In 2016, ACCE created its Capital Campaign Council, made up initially of four leading companies serving chambers today: NCDS, Resource Development Group, Funding Solutions and POWER 10 Capital Campaigns. This report includes comments from top executives of each of those firms as well as from chamber executives.
Just how big a market is there for chamber-led fundraising campaigns? Tom Mucks from Funding Solutions, Inc. estimates that there are 50 or more chamber-led capital campaigns per year. Some yield less than $5 million, but others are larger than $10 million. And the occasional campaign raises $20 million or more. Without the benefit of an extensive study, we can comfortably conclude the combined annual amount is in excess of $100 million per year.
Another way to see how broad this field has become is to look at the leading metro markets. Rob Radcliff, principal at Resource Development Group, specializes in these communities. Recently he studied 53 of the largest urban markets, with SMSA totals of one million or more people. Of them, 43 had large chambers or separate economic development organizations that raised significant private money in focused campaigns for regional economic development. (Some of the largest markets tackle regional economic development another way, through major public agencies such as the City of Chicago or the Port Authority of New York and New Jersey.)
The minimum size for a campaign? Mucks believes that a campaign that raises less than $100,000 per year is too expensive for the cost of raising the funds. Most fundraisers agree that a typical full-service campaign will cost $150,000 to $200,000, not varying much on the size of the campaign. It would not sit well with investors to spend $150,000 or $200,000 to raise $500,000. It is possible, however, for a chamber to consider a lower-cost mix of a professional fundraiser aided by a team of volunteers to take on smaller fundraising projects.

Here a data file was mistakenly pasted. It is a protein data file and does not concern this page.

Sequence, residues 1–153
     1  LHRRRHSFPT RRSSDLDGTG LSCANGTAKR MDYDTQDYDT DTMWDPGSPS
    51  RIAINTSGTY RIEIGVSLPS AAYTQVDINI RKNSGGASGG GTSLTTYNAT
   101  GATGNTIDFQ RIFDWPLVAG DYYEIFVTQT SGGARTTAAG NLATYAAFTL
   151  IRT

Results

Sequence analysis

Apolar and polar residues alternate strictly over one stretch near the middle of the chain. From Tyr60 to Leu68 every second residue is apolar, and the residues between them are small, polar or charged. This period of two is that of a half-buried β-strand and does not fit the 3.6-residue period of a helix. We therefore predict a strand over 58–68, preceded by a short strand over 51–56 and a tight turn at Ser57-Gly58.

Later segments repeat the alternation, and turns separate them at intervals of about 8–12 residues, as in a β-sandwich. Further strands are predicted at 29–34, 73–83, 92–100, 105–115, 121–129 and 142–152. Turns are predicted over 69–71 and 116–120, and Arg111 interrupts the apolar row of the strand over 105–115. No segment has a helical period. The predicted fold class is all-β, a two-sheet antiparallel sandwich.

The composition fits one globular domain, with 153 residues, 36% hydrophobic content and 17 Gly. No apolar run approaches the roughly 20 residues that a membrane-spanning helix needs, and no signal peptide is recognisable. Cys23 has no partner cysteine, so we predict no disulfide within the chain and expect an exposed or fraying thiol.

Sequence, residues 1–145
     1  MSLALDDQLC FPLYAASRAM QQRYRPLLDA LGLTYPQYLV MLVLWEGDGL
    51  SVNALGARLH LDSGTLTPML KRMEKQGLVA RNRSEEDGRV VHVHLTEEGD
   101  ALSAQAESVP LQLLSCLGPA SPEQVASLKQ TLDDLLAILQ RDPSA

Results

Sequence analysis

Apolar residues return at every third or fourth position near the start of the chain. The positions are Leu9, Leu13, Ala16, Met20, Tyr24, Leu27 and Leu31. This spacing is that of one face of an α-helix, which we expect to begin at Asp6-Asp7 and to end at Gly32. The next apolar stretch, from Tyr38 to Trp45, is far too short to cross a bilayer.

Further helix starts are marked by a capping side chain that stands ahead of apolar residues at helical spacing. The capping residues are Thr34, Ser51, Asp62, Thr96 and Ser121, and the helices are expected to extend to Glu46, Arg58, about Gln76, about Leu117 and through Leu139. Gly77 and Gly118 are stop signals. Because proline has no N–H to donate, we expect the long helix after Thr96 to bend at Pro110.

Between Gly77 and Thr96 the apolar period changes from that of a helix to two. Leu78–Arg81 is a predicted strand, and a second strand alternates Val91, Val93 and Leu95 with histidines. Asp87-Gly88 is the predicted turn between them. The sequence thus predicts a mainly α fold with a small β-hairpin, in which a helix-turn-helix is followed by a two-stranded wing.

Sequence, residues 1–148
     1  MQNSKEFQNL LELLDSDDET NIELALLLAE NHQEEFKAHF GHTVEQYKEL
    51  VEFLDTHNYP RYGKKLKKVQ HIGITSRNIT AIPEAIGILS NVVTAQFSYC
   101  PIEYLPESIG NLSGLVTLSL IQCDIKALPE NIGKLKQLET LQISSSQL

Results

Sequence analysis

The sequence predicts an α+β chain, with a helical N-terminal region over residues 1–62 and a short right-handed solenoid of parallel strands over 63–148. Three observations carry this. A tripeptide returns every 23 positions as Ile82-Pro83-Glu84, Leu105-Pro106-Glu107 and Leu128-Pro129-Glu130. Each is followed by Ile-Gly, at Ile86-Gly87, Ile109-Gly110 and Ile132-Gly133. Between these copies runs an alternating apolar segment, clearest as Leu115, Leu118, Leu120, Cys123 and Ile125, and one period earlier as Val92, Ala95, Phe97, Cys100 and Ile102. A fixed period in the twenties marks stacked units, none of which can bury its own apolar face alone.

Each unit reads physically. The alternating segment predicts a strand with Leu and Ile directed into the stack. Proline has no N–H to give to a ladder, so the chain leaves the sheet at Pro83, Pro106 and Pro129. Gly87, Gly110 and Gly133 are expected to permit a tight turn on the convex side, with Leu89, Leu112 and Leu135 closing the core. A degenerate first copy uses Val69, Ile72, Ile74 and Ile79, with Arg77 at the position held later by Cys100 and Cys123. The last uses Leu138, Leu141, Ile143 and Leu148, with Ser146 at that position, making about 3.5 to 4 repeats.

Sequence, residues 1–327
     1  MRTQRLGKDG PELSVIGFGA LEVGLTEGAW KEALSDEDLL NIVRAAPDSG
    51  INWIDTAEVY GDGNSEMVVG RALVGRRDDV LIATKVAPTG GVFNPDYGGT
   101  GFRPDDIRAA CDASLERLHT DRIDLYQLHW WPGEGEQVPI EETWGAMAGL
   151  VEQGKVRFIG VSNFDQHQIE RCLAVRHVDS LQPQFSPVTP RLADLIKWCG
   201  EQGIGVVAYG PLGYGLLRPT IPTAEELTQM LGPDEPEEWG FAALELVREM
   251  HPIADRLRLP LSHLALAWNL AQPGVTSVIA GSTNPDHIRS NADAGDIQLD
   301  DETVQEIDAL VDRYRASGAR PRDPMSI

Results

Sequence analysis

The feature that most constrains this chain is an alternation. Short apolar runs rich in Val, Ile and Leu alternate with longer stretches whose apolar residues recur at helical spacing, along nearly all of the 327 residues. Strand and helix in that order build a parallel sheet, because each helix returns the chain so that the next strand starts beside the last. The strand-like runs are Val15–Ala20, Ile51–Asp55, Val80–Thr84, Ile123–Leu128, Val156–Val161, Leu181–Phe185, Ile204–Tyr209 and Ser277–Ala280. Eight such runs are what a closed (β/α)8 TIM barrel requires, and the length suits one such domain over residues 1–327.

At the same time, small communities can have large campaigns. The chamber in Alexander City, Ala. (population 15,000), raised $1 million. The chamber in Madison, S.D. (population 6,500), raised $2 million. Big campaigns and big ideas can come from small places. Imagine a chamber with a budget of $150,000 that suddenly has $600,000 or $700,000 and can do things never dreamed of before. These kinds of stories have caused campaigns to spread from place to place, especially across the South, Midwest and Rocky Mountains.
Indeed, while the current chamber capital campaign market may be something like $100 million or more annually, the potential market is much larger, according to POWER 10’s CEO Sean Mikula. “Every chamber should be doing that,” he says. He notes that each year, some chambers try capital campaigns for the first time. Very few of them abandon those programs when it’s time to do another round.
There are things to avoid with capital campaigns. Above all, don’t try to raise new money to do old tasks more comfortably.
What to Fund
Not long ago, a chamber executive told a capital campaign consultant that she’d like to raise funds to landscape the outside of the chamber building and move furniture from the first floor up to an upper floor. Needless to say, the consultant wasn’t optimistic about investor response to those projects.
There are things to avoid with capital campaigns. Above all, don’t try to raise new money to do old tasks more comfortably. Capital campaigns are for special projects. Never should someone say, "We need more money. What about this [campaign]?"
RDG’s Rob Radcliff indicates, "If a campaign is seen as just another revenue stream, it can only succeed one time." Investors will realize their money was squandered on overhead and unmeasured results and they won’t re-invest.